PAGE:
Blue sea
  5. Hi Lily,

    Connie is right – take a deep breath – slow down.

    Learning your mom has dementia is a difficult piece of news to digest. When my mum was diagnosed I panicked but then I thought that she is still the same person last week without the diagnosis as she is today and the only difference being is that the Doctor has now given what she has, a name – a label.

    Your Aunt and you must join forces. Your Aunt is no doubt very fearful with her sister’s diagnosis that she may get this. This is not necessarily true so she shouldn’t waste time worrying about something that may never evolve. So don't you waste time worrying about this yourself.

    Follow Skye’s advice and start to network with resources in your area. Alzheimer's Society, and Princess Royal Trust for Carers, this is a start.

    There are about four ‘memory enhancers’ These are listed in this forum under Information sheet Drug treatments for Alzheimer's disease - Aricept, Exelon, Reminyl and Ebixa

    My mum has been on Aricept since 2001 and there has been a clinic trial that came out July 2007 that showed Aricept (aka Donepezil) does not fix the dementia but it can slow it down and improve memory in not only early BUT also the moderate to late stages of dementias. Search the Web for: “Aricept for late stages of Alzheimer’s”

    In some cases the introduction to a memory enhancer can help (and stabilize) the symptoms at least for awhile.

    You are bound to feel overwhelmed, but you must put on your Carer Hat (logic) and put down your Daughter Hat (emotions) and take charge. Your Aunt may be 80 years old, but she knows your mother well and between the two of you, you can manage to get some normality into the situation (who is normal anyway?).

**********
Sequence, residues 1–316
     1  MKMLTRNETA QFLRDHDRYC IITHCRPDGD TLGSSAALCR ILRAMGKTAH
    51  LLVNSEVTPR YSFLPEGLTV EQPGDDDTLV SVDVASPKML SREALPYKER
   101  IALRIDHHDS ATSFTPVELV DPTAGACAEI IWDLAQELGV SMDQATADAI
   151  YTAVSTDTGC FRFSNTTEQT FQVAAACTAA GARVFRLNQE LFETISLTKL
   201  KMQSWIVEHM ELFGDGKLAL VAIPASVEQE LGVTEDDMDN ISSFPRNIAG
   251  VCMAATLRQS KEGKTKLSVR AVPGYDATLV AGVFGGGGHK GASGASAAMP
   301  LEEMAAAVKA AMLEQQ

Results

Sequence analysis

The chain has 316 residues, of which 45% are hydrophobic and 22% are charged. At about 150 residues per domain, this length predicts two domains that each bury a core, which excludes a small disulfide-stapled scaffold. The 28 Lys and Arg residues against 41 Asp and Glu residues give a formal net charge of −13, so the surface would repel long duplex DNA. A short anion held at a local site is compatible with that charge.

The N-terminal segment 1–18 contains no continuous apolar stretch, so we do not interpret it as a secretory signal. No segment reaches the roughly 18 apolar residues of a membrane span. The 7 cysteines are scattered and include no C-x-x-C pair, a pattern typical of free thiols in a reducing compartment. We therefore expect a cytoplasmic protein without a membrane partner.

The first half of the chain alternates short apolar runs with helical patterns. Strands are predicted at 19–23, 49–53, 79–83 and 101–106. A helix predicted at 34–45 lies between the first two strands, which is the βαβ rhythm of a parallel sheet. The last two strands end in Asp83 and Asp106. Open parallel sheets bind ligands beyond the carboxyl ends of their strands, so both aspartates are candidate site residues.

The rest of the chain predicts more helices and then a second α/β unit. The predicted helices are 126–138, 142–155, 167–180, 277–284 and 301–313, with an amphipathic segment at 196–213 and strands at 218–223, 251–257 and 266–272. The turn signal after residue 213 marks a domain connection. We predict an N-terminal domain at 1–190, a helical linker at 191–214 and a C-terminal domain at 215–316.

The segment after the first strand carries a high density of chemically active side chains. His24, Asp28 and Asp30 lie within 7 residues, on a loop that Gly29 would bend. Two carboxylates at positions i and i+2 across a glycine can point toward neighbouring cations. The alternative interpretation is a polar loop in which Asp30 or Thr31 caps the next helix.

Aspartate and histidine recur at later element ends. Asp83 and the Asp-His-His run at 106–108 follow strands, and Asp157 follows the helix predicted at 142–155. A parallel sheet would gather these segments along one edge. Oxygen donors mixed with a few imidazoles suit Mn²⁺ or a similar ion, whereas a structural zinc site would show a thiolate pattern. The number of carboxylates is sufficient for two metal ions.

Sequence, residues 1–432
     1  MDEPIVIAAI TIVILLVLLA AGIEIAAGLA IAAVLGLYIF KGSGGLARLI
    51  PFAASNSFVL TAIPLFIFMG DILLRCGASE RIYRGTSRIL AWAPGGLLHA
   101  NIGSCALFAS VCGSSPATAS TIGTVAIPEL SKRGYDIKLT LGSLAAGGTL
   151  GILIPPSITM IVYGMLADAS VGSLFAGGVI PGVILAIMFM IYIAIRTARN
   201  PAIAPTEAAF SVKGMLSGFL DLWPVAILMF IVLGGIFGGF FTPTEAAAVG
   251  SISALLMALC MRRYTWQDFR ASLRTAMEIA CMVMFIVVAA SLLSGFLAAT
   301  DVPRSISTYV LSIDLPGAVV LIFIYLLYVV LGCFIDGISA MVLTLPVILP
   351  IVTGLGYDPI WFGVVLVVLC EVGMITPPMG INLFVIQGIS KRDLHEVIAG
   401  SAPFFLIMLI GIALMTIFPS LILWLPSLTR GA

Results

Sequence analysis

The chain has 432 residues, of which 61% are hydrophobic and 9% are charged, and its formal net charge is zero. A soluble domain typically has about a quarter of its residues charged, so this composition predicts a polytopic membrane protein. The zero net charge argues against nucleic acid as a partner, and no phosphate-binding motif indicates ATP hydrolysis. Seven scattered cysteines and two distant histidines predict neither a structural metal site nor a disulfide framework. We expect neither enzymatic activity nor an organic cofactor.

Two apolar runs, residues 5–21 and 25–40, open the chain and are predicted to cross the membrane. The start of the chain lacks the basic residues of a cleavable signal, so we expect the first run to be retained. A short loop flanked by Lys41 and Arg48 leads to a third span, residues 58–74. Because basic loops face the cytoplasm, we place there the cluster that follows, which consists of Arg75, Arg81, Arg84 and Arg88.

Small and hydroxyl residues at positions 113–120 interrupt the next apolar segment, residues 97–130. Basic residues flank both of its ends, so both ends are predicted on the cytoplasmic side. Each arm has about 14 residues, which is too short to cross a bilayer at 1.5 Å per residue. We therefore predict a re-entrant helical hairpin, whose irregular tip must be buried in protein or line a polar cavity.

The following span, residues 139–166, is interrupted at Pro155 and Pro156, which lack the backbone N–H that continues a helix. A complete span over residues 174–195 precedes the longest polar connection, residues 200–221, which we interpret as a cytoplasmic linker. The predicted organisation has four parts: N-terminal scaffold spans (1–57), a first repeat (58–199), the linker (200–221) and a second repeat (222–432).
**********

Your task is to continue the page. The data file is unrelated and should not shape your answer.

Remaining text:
And, take care of yourself Lily because you are the most important person – you need to be there to help Aunty supervise Mum.

    I have heard several replies to how long a person lives with dementia. On average it may be 8 years from diagnosis; sometimes shorter and sometimes longer. I think it all depends on the rate the dementias progress and how it affects the brain. And many times, there may be more than one type of dementia present. Everyone is different; but we all face the same challenges.

    And know that many of us have been where you are so you are never alone.

    Keep us posted
    Jennifer Sierra
  6. LilyB7

    LilyB7 Registered User

    Sep 10, 2007
    thanks xxx

    Hi guys,
    It's two hours since I posted this thread and I've just read the replies and cried for the first time ever about this - and I don't know why, whether it's the kind words you've said, the relief that mum has finally been given the label and the medication or just the sense of support I received from your replies and knowing that you lot are out there.
    Mums illness has come as quite a shock, she began with little things like telling you the same thing half a dozen times in the same hour, to very quickly forgetting major events (dad's death 7 years ago, her parents deaths 30 and 40 years ago, how many times she's been married - she's convinced that it's twice, likewise she's convinced that I've been married twice, when in fact I'm just in the process of seperating from my first and only husband), so her decline does seem to have been at an enormous rate of knots.
    Not sure which meds she's been prescribed, but the Dr did say that they would treat vascular or stroke like illness, she also said that it wouldn't regain any memory, but should reduce the decline.
    There seems such a lot to do - but if it will help her I'll do it. When my father was ill I took off the daughter hat and put on the carer hat so I ca do that - my mother actually criticised e for being "cold and unemotional" then, but I don't suppose that she'll realise I'm doing it his time. :(
    Well thanks once again - and please keep posting to me, for once I didn't feel alone.
  7. elaineo2

    elaineo2 Registered User

    Jul 6, 2007
    leigh lancashire
    Hi Lily.don't ever feel alone,come on the site and you will be amongst many many friends.I as others understand how you are feeling.At present we are waiting for dad to see the consultant.its a horrible disease to have to watch and endure.As you say,the medication will not cure,just slow down the progress of the disease.I do hope you have found T.P to be of use in getting advice and support.keep us posted.love elainex